"[U]nless a litigant gets a real bite at the
apple of discord
-- Frankfurter, J., dissenting, in Angel v. Bullington, 330 U.S. 183, 207 (1947).
In Weisgram v. Marley Co., 528 U.S. 440 (2000), the Supreme Court addressed a narrow and technical procedural question. If expert evidence is erroneously admitted at trial, and if the erroneously admitted evidence is what defeats a timely post-trial motion for judgment as a matter of law under Fed. R. Civ. P. 50, then may the appellate court overruling the admissibility of the evidence simply order entry of judgment as a matter of law, or must it remand so that the district court may consider ordering a new trial instead?
The general answer given in Weisgram is that the courts of appeal may do any of three things, as circumstances warrant: (1) direct the entry of judgment as a matter of law; (2) order a new trial; or (3) remand so that the district court may make the decision.
Is the Holding in Weisgram Fair?
To the holding in Weisgram, it might be objected that directing the entry of judgment in such circumstances is unfair, because it deprives the proponent of the evidence (typically the plaintiff) of any opportunity to substitute other, admissible evidence, as the proponent might have been able to do, had the proponent foreseen the precise grounds on which the evidence actually proffered was going to be found inadmissible. And to that objection, the simple rejoinder might be offered that any such unfairness was already possible before Weisgram, because the district court itself might refuse a new trial. All Weisgram did was to clarify that courts of appeal could do the same.
But the Weisgram Court felt the need to go beyond that simple rejoinder. To the particular plaintiffs before it, the Court offered the backhanded condolence that their claims were probably beyond hope of redemption in any event -- echoing the Eighth Circuit's appraisal that this was "not a close case." Readers may evaluate that appraisal for themselves from a review of the proceedings as chronicled in the Eighth Circuit's own opinion. One plausible evaluation is that the plaintiffs in Weisgram might possibly have prevailed if not shackled to their improvidently chosen expert witnesses, but of course we shall never know for certain whether the district court would have given them the chance for a redo.
Meanwhile, by way of assuaging more general concerns about fairness, the Weisgram Court served up the following language:
Holding and Dictum
In the context of debates over retrial, the language just quoted may not be too hard to swallow. Retrials represent a very substantial judicial diseconomy, and they probably should not be doled out indiscriminately to litigants who have willfully ignored clear warning signs along the way. If evidence needs to be shored up, there should be incentives for litigants to do it before trial, where possible.
But the dicta quoted above are also sometimes invoked against efforts at "shoring up" undertaken far in advance of trial. At the extreme end of the spectrum, it is even sometimes argued that the expert's original report should anticipate and rebut Daubert objections not yet raised or foreseen. The best remedy against this misreading of the Supreme Court's language may be the Court's language itself. After all, one principal rationale offered by the Court for (sometimes) shutting down post-trial rehabilitation of expert testimony is that pretrial opportunities to correct and supplement the testimony were available.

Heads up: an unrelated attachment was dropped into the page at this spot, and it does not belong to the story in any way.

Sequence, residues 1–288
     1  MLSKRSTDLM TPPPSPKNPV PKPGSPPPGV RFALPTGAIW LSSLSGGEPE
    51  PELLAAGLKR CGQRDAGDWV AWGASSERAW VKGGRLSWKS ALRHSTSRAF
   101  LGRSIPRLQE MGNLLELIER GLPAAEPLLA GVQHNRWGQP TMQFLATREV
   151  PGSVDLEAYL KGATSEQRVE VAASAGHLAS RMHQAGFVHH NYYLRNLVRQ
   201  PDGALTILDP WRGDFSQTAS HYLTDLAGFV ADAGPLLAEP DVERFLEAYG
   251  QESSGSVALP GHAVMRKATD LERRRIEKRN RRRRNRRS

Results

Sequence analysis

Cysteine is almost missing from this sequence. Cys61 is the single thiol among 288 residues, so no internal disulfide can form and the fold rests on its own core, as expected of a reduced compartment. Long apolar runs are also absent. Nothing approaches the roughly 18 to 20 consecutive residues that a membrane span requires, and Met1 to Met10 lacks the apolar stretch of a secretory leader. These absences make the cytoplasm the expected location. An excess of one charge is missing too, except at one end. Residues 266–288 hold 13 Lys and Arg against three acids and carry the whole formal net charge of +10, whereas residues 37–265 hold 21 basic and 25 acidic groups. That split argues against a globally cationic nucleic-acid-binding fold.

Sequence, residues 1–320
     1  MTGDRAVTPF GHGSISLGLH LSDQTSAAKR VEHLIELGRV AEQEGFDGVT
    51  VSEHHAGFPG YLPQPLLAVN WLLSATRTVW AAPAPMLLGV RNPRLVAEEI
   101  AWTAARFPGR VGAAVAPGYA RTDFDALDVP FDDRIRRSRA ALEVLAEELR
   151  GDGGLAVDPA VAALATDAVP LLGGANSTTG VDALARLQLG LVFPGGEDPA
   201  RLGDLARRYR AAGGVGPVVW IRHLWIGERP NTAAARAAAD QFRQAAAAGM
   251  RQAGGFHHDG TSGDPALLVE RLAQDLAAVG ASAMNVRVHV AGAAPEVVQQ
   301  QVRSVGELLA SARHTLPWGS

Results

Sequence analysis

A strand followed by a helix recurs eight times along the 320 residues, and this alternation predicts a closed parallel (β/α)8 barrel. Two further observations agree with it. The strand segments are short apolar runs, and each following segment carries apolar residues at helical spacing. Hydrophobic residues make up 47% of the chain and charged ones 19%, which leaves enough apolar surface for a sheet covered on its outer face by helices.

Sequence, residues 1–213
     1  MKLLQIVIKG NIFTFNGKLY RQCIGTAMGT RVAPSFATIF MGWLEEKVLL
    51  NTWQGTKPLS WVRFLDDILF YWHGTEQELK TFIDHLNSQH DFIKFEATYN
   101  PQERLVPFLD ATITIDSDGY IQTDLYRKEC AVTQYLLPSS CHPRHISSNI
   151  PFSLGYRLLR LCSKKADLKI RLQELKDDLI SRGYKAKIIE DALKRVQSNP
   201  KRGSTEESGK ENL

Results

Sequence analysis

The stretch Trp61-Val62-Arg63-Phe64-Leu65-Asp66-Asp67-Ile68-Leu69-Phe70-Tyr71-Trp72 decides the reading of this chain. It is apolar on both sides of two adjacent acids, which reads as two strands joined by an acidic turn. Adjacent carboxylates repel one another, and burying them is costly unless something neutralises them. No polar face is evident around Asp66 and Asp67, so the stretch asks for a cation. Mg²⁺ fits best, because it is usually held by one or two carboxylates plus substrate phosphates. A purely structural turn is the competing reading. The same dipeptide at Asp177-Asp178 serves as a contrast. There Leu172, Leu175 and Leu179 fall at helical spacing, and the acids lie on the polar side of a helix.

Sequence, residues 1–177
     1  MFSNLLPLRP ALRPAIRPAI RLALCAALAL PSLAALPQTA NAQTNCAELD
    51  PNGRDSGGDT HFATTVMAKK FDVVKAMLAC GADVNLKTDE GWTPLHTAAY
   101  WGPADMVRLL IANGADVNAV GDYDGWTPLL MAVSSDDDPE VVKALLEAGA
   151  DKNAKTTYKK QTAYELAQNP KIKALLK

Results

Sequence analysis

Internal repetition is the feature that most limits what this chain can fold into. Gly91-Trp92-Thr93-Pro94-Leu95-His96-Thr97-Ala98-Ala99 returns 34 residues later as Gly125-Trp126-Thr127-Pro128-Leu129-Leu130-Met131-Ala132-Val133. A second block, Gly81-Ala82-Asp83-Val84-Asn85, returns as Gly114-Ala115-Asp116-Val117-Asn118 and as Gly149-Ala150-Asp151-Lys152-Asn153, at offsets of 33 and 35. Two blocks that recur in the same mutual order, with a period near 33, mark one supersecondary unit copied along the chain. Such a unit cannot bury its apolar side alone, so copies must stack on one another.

Issues of Notice
The question, perhaps, boils down, as the Court's language suggests, to the issue of notice. One wants litigants to have some opportunity to address claimed deficiencies in their experts' testimony. A superficial reading of the first sentence in the quotation above would suggest that in the Supreme Court's view, the mere issuance of the opinion in Daubert, by itself, put all proponents of expert evidence on notice of every conceivable evidentiary objection, so that experts may legitimately be expected to address all such objections when they first state their opinions in their initial reports. But that superficial reading cannot be correct, because the opposite is actually true. Before Daubert, under Frye, the proponent knew, at least, that the admissibility of expert evidence would depend on a showing that the expert was qualified and on a showing that the expert's methods or opinions were generally accepted in the relevant scientific or technical community. After Daubert, by contrast, there are innumerable grounds on which expert testimony may be attacked, and no comprehensive list of potential objections can be imagined. In vastly expanding the scope of possible quarrels over expert testimony, Daubert actually diminished the foreseeability of each particular challenge.
Evidentiary objections become correspondingly more important, after Daubert, in placing proponents on notice of potential deficiencies in their experts' testimony. In the real procedural world, of course, such objections generally are not raised for the first time at trial, but rather are addressed in advance of trial via motion in limine. The real battleground issue, therefore, is how far to allow parties to "supplement" or "elaborate" or "change" or "revise" or "explain" their expert testimony to meet such objections at various pretrial stages. That is a question on which particular rules of evidence and procedure have something to say. But it is not a question on which Weisgram ultimately pronounces.